In Whitley Strieber’s 1997 memoir of his childhood with the ‘visitors,’ the Secret School (now out of print) he writes that he was taught that a comet impacted the earth 250 million years ago, and that its effects, plus a massive subsequent outbreak of volcanism, caused the Permian extinction, which destroyed over 90% of all living things on earth.

He claims in the book that he was taught this via the use of a ‘virtual reality helmet’ in 1954. The story was published five years ago, in 1997.

On Febuary 23, 2001, a NASA-funded research team, led by Dr. Luann Becker of the University of Washington (UW), Seattle, announced its finding that “that Earth’s most severe mass extinction — an event 250 million years ago that wiped out 90 percent of the life on Earth — was triggered by a collision with a comet or asteroid,” according to NASA’s news service.

The scientists went on to say that the comet only began the process of extinction. The NASA press release went on to say, “The collision wasn’t directly responsible for the extinction, but rather triggered a series of events, such as massive volcanism and changes in ocean oxygen, sea level and climate.”

The scientific team found particles called Fullerines in deposits from the end of the Permian, and were able to use them as a marker of a cometary impact. However, the land masses of the planet have changed so radically since then, that it is unlikely that the impact point itself will ever be located.

For NASA’s story click here.

These are the relevant passages from the Secret School:

Excerpts from the Secret School by Whitley Strieber Copyright (c) 1997, Walker & Collier, Inc.

From Lesson Six: The Secret of the Comets

The moon raced up the sky, a huge body going so fast that it made me feel as if I was moving instead. Trailing it, I saw another object, a silver moonlet, star-shining.

Brushing bugs off me, I put my arms out, attempting to gain some comfort, but there was nobody. This all seemed so real that it was hard to believe that I would ever be anywhere else. I can’t remember anything about the fauna and flora, except that the place was abundantly alive. Because of the appalling event that was about to unfold, though, I can surmise that this was intended to be the late Permian, a quarter of a billion years in the past.

The loneliness was horrible. Even if this was some sort of optical illusion, I believed it completely. As far as I was concerned, I was there.

Terror grew, it grew into a titanic storm inside me, it burned my soul, it made me twist as if in physical agony, it made me shriek in my high boy’s voice.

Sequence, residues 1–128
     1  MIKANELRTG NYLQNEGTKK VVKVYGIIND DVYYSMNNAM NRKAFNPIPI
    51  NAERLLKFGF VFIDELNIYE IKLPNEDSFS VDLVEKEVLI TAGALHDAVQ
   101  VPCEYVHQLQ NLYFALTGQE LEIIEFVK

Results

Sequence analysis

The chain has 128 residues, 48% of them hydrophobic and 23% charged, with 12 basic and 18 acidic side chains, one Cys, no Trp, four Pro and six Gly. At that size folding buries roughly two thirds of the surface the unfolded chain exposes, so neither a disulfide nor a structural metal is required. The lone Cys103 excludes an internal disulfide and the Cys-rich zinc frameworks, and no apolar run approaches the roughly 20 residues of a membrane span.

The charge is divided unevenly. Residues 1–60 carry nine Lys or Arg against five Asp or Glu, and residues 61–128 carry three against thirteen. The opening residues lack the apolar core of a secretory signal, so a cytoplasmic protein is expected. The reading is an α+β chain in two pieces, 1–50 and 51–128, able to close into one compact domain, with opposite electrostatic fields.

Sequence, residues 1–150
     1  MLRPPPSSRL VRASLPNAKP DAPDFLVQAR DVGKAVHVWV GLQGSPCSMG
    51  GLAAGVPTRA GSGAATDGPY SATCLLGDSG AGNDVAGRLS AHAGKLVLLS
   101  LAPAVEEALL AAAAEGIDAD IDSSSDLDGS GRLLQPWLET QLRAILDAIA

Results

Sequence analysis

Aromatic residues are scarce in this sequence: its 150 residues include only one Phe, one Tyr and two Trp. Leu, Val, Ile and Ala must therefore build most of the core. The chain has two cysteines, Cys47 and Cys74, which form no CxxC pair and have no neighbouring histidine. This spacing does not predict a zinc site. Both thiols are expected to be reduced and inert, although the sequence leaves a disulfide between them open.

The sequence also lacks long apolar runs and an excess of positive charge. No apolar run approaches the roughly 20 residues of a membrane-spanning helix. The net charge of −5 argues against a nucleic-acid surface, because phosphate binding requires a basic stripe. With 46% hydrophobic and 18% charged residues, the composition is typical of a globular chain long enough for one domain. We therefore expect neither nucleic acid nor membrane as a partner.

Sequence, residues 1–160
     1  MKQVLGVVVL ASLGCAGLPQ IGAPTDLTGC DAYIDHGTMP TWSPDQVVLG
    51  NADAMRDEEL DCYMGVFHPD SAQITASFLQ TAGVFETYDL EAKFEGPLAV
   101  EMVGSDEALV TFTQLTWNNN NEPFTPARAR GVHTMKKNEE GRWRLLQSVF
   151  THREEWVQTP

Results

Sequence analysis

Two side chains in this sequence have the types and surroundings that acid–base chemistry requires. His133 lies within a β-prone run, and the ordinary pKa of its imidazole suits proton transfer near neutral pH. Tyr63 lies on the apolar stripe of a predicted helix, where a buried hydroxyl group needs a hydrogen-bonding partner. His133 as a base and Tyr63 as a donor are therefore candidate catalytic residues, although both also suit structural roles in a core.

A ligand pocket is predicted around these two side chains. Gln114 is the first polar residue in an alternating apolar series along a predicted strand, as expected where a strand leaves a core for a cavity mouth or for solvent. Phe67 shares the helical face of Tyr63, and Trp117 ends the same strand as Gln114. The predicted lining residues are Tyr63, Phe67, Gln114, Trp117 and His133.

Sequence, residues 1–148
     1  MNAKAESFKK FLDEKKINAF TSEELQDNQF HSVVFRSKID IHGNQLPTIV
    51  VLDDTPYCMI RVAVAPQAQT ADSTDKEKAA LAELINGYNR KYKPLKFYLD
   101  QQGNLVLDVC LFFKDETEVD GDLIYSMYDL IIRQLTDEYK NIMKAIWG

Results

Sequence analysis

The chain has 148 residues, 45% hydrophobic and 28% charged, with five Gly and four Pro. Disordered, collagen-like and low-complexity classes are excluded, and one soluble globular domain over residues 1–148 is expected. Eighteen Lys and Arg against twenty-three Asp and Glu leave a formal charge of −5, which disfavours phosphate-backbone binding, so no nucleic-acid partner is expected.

Just as I was beginning to panic completely and run off in any crazy direction, I found myself drawn up out of the jungle. I didn’t have a chance to cry out my relief before I saw that I was floating in the dark of space. The awful machine was pressing against my head. I ran in the emptiness, my feet treading nothing.

“One day you’ll thank me for this,” the Sister of Mercy said, her gravelly voice startlingly close to my ear.

I do thank her now, in humility and in awe, for the enormous lesson that came my way that night.

Immediately I was on a surface, but not the surface of the earth. There was no loam, there was no jungle. Thankfully, there were no insects.

The sky was most remarkably changed. The moon was even larger, this time so vast that I felt as if I could step out and walk on it. I reached up, I spoke, hearing the old song again, “I see the moon, the moon sees me…”

But if I could see the moon and wasn’t on earth, where was I? It was a strange little place with very cozy horizons. I seemed to be in a tiny, featureless valley. I glanced up, and when I did saw the most appalling thing that I had ever witnessed. Because it was so obviously huge, it was far more terrifying than the comet hitting the gas cloud had been.

What I saw was that the whole firmament was filled by a wall of dark blue. For a moment I did not know what to make of it. I thought that I was in a huge room-but then realized that the “wall” was composed of water, because I could see long wrinkled lines of waves.

Then I realized that I was also seeing low, green-brown land areas, and understood that I was above a planet. There were no familiar geographic features, but it must have been earth, because the moon was easily recognizable.

I got the sense that I was falling from a great height. I concluded that I must be on a meteor. I assumed that it was the small silver object I had seen near the moon when I’d looked up.

So I had been transported from the surface of the earth to the surface of a small asteroid that was floating between earth and moon.

Realization blasted through me: the asteroid was crashing, and I was on it. I remember just groaning inside at the idea that a nightmare could turn into an even worse nightmare.

Like so many incidents from that night, the vision of the dark ocean seen from a great height has remained in me ever since, unattached until now to anything outside of itself. Many, many times I have seen that water in my mind’s eye, dark and dangerous in the moonlight.